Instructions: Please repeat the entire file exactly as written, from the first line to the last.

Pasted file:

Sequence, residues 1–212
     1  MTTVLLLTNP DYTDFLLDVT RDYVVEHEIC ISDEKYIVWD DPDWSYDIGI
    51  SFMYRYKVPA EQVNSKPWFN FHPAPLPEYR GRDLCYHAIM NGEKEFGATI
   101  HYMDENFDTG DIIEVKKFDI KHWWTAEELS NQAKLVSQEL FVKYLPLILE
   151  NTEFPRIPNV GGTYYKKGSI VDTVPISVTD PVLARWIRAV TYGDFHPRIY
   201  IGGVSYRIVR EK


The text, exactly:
Sequence, residues 1–212
     1  MTTVLLLTNP DYTDFLLDVT RDYVVEHEIC ISDEKYIVWD DPDWSYDIGI
    51  SFMYRYKVPA EQVNSKPWFN FHPAPLPEYR GRDLCYHAIM NGEKEFGATI
   101  HYMDENFDTG DIIEVKKFDI KHWWTAEELS NQAKLVSQEL FVKYLPLILE
   151  NTEFPRIPNV GGTYYKKGSI VDTVPISVTD PVLARWIRAV TYGDFHPRIY
   201  IGGVSYRIVR EK